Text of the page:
and 212 mortar shells were thrown; of the former 15 and of the latter 46 failed to strike. The injury done to the work appears to have been less marked than on any previous day's bombardment.
First Lieutenant [T.] Davis Waties, Company G, First South Carolina Artillery, and 2 privates, slightly wounded, were the only casualties during the day.
The mountain howitzer sent to the fort to aid in repelling an assault, and placed in a position of supposed security, was struck on the chase by a fragment of a mortar shell, which caused a convexity of the bore. This, however, it is thought, may be remedied by reboring.
The following is a condensed statement of the work performed by the engineer department in the fort during the nights of the 6th and 7th: Force engaged, 170 hands; discharged 2,700 bags of sand; repaired, raised and enlarged traverses on west circular stairway; filled mortar holes over gorge bomb-proof and in traverse in rear of northeast lower casemate battery, Carpenters worked on ladders, ventilators, and chevaux-de-frise, being obliged to remodel the latter.
In reply to the fire of the enemy to-day against Fort Sumter, 4 shells were thrown from the 8-inch gun and 6 shots from the Brooke gun at Battery Simkins. A few mortar shells were also thrown rom Sullivan's Island.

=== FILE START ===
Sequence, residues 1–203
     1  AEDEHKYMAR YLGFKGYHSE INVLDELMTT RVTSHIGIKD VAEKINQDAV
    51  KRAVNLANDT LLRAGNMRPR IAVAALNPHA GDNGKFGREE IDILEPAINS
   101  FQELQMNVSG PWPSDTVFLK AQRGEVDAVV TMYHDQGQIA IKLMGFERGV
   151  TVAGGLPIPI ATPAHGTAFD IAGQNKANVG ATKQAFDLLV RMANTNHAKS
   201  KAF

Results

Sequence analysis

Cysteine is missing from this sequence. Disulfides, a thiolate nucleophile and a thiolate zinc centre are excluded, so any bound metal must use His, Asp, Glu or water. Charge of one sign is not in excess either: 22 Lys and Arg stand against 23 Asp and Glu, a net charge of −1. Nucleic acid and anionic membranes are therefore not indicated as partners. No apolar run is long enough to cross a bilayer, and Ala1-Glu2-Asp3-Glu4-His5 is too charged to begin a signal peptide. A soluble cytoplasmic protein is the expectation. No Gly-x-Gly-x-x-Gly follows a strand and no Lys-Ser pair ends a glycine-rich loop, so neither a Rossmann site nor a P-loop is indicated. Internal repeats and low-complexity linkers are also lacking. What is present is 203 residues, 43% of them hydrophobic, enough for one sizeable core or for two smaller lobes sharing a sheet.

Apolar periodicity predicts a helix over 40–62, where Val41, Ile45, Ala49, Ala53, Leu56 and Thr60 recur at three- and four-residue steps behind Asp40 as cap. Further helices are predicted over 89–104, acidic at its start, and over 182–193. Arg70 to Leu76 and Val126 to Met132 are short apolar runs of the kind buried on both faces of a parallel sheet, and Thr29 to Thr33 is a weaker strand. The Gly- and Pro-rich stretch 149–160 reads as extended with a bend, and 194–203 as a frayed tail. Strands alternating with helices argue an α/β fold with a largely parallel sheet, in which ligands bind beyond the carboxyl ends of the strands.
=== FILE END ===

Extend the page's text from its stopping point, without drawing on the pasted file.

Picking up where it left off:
General Taliaferro telegraphs that he has directed 200 men to be held in readiness at Fort Johnson to go to Sumter in the event of an assault upon that work, and he asks whether he shall await a signal from Major Elliott, or send the men upon the first indication of an attack. He was instructed to be governed by the latter.
About 500 troops were seen to-day on a steamer, which transferred them from Folly to Kiawah Island.
November 8, 1863.-The enemy to-day continued a slow firing upon Fort Sumter from their Morris Island batteries, assisted in a measure by their monitors. Ninety-three rifle shots were fired, of which 70 struck the fort and 23 missed. One hundred and eighty-eight mortar shells were fired, of which 45 missed and 143 struck. Monitors fired 11 shots, of which 5 missed. Casualties, 2 negroes seriously wounded.
Major Manigault reports that 5 shots were fired at two steamers passing through the creek between Black and Long Islands, from Battery Tatom. Three shots were fired at the first and two at the second, all falling very near. Also reports that he put out a new picket-boat in front of the right flank of Battery Haskell, but that it leaked so badly it had to be withdrawn. He reports no casualties.
Battery Simkins fired 3 shells.
Information received from deserter and intercepted dispatches state that General Terry (Yankee) arrived out on the Arago.
Lieutenant-Colonel Johnson reports the fleet at Port Royal as numbering eighty sail. As iron-clad went to sea about sundown.
Major Jenkins reports the fleet in the Stono about as usual. A monitor was observed going to the southwar, towed by a transport.
Captain Hale reports a large propeller steamer, with schooner in tow laden with ammunition, came to off bar, and at 10.30 moved to the southward, still towing schooner. Transport with troops on board from north going south, with signal set. He reports also twenty-eight vessels inside the bar, including Ironside, four monitors, flag-ship, two mortar-boats, &c. Outside-seven vessels, including steam frigate Wabash, light-boat, French corvette, &c.